Electricity in the middle east - Overview
While the Middle East is rich in oil and gas reserves, countries in the region have a varied record in delivering power to their citizens.
Due to economic and demographic problems in certain countries the grid supply fails to reach many, especially the poorer communities in rural areas.
It is estimated that there are over 1 million Iranians, 1.4 million Syrians, 4 million Iraqis and a startling 14 million Yemenis who live without grid supply, having to rely on expensive off-grid energy sources such as Diesel Generators for their electricity.
Where national grid supplies are available, due to a lack of investment by governments in the past in generating capacity and the maintenance of existing transmission and distribution infrastructure , demand can often exceed supply and brown-outs and, in more dire situations, blackouts occur on a growing regular basis – especially during peak seasonal times where the requirements of air-conditioning can be considerable.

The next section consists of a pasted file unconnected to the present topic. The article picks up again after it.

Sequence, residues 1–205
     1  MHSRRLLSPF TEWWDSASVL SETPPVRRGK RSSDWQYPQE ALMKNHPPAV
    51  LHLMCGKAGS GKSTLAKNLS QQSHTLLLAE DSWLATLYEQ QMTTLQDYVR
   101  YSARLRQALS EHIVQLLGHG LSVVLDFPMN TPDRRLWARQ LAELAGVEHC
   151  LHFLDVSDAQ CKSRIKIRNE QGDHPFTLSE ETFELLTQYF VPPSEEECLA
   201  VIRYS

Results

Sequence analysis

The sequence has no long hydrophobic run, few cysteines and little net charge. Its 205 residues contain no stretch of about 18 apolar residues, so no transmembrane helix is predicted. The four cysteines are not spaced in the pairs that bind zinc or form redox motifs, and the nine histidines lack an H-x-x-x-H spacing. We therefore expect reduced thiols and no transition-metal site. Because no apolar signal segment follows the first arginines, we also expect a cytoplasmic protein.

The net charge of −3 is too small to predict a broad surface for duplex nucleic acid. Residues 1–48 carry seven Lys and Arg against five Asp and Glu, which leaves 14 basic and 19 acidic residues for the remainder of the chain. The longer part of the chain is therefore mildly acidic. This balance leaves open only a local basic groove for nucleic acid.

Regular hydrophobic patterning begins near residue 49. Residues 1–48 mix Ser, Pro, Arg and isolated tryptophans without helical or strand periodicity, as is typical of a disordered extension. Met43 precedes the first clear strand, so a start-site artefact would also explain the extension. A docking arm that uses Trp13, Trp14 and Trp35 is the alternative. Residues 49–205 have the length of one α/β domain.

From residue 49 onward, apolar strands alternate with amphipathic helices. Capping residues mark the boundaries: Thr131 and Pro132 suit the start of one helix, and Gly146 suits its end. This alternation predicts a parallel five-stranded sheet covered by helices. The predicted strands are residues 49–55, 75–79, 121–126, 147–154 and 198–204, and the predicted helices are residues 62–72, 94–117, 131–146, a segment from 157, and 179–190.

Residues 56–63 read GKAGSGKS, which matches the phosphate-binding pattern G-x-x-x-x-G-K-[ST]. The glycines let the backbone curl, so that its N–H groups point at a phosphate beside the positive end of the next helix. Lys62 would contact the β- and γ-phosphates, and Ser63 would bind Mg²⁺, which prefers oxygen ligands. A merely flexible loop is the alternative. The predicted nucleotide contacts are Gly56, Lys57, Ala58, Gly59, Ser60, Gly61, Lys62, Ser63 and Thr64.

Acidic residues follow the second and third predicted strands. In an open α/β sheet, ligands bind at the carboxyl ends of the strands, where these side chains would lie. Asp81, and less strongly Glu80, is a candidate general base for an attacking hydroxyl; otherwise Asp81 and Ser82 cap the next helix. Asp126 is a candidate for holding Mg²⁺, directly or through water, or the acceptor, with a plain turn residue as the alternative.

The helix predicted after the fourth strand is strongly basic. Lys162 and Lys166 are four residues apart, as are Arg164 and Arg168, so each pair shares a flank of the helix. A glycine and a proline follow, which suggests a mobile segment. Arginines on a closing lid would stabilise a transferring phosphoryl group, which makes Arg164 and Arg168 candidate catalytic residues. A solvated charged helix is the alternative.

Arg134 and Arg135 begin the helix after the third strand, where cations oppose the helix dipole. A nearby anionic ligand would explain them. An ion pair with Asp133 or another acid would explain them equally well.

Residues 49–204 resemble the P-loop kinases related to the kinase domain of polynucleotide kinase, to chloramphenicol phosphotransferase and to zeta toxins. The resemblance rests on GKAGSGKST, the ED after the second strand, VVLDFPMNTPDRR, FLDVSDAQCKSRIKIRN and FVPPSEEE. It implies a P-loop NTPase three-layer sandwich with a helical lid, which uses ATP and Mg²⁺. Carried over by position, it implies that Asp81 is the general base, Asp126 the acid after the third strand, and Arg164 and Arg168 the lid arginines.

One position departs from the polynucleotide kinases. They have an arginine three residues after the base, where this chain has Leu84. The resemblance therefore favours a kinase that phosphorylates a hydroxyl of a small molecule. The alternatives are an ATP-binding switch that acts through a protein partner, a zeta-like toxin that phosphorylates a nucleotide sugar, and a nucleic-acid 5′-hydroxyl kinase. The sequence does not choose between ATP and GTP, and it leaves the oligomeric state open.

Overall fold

Recent conflicts, refugee flows and mass migration of people from rural areas to the cities have only led to a further exasperation of the situation.
Today, with growing populations throughout the Middle East and in general living standards rising, the reliability and quality of the power being delivered is becoming in many of the region’s countries a growing problem.
Please click on the relevant link below to view a country’s report